SUPPORT REAFFIRMED FOR CANADIAN FISHERIES AND AQUACULTURE
Support reaffirmed for Canadian fisheries and aquaculture. The Canadian Council of Fisheries and Aquaculture Ministers (CCFAM) met virtually recently to discuss the impacts of the COVID-19 pandemic on Canada’s fisheries and aquaculture sector, and how to position the sector for a strong economic recovery in the long-term. They also discussed other priority topics, including creating good jobs in these industries, reducing the impact of aquatic invasive species, financial support for Canada’s fisheries and aquaculture sector, trade, and sustainable aquaculture development.
Minister of Fisheries, Oceans and the Canadian Coast Guard, the Honourable Bernadette Jordan, and Minister of Environment and Natural Resources for the Northwest Territories, the Honourable Shane Thompson, co-chaired the CCFAM meeting, which was also attended by representatives from all of the provincial and territorial governments.
Ministers discussed how to support Canada’s fisheries and aquaculture sector now and going forward, in light of the COVID-19 pandemic. Ministers were in agreement that working together to grow Canada’s ocean economy by leveraging its vast aquatic resources sustainably, while protecting their health, will be an important component. They agreed that working with Indigenous communities and stakeholders, and ensuring ongoing collaboration between the different orders of government while acknowledging areas of jurisdiction, will be key to advancing all aspects of the sector.
Participating ministers also stated that aquatic invasive species pose serious risks to Canada’s fisheries and aquaculture sector, and its environment. Ministers agreed to work collaboratively to support a healthier aquatic ecosystem, and have committed to revitalising the Canadian Action Plan to Address the Threat of Aquatic Invasive Species to reflect roles and responsibilities for managing aquatic invasive species. This Plan will ensure that provincial and territorial governments, as well as federal government departments and non-government organizations seeking funding opportunities, share clear, strategic plans for taking action against invasive species.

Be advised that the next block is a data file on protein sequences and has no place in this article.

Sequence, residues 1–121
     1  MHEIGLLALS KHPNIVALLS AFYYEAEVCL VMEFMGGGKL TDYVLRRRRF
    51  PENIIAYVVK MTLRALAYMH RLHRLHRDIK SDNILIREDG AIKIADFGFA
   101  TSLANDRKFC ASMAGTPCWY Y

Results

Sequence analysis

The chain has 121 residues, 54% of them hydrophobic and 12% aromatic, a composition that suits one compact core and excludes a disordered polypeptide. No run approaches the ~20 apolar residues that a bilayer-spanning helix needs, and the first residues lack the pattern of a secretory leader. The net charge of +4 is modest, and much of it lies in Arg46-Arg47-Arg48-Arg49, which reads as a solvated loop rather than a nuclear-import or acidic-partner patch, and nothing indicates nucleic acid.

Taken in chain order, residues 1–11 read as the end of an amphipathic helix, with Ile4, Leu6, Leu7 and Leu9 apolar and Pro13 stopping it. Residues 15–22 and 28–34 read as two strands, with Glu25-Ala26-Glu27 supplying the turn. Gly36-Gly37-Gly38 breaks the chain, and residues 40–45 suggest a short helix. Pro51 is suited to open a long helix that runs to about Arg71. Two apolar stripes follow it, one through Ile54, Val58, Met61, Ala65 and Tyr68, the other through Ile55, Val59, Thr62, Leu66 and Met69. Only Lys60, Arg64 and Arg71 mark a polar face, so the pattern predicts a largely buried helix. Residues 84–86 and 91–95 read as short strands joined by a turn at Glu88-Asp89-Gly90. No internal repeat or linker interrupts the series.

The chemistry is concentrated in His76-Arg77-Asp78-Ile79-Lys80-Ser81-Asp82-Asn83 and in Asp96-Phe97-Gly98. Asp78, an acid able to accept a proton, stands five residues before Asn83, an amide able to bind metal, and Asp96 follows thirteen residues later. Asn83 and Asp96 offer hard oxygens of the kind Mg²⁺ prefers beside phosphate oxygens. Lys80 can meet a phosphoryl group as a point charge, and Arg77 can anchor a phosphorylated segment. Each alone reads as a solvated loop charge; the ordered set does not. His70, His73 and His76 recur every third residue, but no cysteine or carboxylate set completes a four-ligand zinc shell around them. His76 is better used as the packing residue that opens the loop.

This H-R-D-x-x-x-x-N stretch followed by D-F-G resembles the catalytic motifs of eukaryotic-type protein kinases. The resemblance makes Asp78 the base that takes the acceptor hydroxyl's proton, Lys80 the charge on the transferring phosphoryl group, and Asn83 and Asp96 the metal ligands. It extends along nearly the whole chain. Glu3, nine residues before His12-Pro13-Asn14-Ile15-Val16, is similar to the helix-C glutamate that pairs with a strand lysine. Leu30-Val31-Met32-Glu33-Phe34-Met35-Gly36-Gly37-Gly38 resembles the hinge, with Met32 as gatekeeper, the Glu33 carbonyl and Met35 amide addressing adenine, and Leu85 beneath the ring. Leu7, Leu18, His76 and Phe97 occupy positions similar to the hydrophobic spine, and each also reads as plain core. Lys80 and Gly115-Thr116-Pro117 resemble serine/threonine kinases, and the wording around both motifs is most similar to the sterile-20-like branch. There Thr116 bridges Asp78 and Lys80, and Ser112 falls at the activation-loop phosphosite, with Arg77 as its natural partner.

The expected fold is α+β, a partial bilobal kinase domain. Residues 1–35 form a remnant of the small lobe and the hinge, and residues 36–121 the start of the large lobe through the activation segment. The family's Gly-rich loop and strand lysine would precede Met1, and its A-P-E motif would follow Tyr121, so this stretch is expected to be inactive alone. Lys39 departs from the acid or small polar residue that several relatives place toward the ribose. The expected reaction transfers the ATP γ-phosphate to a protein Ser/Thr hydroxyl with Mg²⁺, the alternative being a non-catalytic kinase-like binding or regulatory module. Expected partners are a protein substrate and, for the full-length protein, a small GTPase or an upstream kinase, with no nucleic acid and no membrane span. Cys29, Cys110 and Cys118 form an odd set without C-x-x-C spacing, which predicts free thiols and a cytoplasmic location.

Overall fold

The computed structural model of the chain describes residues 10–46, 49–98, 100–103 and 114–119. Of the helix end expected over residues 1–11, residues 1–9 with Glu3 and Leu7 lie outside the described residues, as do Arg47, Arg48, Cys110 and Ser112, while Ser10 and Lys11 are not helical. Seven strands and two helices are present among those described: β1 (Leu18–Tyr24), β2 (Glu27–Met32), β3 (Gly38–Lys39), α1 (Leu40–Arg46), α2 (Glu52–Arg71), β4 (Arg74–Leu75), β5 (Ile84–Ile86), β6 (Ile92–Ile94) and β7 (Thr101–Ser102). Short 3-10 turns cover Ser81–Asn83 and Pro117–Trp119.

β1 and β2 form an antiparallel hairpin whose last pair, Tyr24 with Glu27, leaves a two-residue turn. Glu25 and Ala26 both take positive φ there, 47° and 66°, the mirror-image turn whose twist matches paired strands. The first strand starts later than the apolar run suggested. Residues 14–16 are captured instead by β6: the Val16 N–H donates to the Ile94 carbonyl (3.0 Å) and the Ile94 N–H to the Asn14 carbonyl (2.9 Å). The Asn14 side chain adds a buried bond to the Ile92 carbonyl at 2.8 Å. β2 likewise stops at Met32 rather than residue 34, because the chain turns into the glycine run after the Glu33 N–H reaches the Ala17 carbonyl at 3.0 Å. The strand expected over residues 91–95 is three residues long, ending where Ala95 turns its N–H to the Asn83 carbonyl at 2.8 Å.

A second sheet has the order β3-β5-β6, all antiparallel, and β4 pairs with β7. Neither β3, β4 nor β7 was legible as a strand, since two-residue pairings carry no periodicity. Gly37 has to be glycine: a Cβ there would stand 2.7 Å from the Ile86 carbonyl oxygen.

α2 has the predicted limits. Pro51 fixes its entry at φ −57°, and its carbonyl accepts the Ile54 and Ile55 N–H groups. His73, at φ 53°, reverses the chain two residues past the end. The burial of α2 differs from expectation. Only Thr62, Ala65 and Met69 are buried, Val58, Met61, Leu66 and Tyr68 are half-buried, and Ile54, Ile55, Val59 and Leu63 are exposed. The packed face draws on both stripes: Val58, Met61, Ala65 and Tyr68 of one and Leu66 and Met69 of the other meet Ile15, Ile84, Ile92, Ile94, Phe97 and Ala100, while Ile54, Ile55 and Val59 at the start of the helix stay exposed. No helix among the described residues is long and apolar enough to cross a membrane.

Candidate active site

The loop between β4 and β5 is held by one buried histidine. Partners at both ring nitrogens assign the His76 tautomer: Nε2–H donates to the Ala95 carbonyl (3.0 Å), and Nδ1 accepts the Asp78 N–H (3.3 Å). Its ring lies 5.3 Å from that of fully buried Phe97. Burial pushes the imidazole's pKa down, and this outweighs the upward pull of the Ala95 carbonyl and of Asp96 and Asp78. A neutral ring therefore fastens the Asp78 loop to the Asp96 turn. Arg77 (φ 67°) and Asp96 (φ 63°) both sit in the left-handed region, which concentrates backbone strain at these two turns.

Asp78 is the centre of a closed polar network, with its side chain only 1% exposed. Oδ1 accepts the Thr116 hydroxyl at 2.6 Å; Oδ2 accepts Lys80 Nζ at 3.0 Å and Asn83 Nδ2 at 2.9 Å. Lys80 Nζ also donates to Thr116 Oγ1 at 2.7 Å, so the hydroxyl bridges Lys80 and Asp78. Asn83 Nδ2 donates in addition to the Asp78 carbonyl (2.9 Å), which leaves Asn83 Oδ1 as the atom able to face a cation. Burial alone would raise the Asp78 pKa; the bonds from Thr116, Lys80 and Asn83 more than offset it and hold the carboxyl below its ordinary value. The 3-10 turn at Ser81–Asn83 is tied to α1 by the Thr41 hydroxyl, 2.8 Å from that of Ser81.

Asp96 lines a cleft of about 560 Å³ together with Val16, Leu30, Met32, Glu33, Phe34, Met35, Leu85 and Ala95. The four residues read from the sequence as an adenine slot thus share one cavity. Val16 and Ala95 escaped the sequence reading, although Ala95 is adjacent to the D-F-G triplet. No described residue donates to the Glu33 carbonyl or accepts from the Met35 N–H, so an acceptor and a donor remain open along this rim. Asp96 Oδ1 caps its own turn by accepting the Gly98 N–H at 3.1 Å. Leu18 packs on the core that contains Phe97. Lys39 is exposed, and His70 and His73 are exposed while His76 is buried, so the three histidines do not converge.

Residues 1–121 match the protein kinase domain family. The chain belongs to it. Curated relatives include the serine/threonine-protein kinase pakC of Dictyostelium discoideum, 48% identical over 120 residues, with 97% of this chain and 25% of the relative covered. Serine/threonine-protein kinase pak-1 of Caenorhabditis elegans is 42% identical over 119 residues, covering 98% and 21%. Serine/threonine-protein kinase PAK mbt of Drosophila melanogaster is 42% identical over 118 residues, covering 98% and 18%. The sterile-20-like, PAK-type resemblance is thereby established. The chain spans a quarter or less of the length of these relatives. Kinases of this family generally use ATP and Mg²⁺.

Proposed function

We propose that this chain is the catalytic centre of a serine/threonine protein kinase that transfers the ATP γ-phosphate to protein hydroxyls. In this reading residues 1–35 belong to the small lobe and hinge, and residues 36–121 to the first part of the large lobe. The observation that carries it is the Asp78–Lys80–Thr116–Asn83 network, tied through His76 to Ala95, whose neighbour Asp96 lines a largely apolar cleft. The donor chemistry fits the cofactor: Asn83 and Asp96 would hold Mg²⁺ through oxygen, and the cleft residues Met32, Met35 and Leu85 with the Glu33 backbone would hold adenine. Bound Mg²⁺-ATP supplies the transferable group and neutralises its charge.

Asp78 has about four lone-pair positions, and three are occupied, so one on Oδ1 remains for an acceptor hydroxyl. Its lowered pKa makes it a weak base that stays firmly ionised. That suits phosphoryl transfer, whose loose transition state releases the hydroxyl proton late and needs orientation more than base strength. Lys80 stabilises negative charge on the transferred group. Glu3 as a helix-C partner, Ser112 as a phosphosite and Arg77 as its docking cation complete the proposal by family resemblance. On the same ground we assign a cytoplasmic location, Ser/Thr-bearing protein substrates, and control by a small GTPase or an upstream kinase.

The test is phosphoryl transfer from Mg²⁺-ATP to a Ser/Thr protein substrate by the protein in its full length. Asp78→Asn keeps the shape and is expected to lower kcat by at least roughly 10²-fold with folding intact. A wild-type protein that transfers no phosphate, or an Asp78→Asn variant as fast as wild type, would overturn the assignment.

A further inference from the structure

CCFAM Ministers concluded the meeting by stressing that it is more important than ever to keep the lines of communication open. Ministers committed to continued intergovernmental collaboration, in partnership with stakeholders, to support members of the Canadian fisheries and aquaculture sector, and the communities that rely upon them, in this challenging time.
Bernadette Jordan, Minister of Fisheries, Oceans and the Canadian Coast Guard, said:
“This meeting is an important step on Canada’s road to economic recovery. While the global pandemic has underscored our vulnerabilities, it also offers us a chance to ‘build back better’. By working together, we can help shape a more resilient and sustainable world – one that ensures a strong future for the hardworking women and men who drive our blue economy, from coast to coast to coast. I would like to thank all the Ministers for their participation and I look forward to our continued engagement on these important issues.”
Shane Thompson, Minister of Environment and Natural Resources for the Northwest Territories, said:
“Fish is an important food source for all Canadians and our commercial and sport fisheries are an important part of our local, provincial and territorial economies. Invasive species and new diseases present a real and emerging risk to these sectors. Today, we have strengthened our commitment to work together with our partners to support our fishing industries and all Canadians by taking strong and directed action to protect our aquatic biodiversity from these current and future threats.”
- Canada’s maritime economy accounts for $31 billion annually in Gross Domestic Product. It is the source of almost 300,000 coastal jobs with direct benefits in sectors as diverse as fisheries and aquaculture, marine transportation, ocean energy and technology, recreation, and tourism.
- Aquatic invasive species have significantly impacted native fish stocks in Canada. In addition to environmental damage, invasive species also cost billions of dollars every year due to lost income and tourism revenue, infrastructure damage, and the implementation of control measures.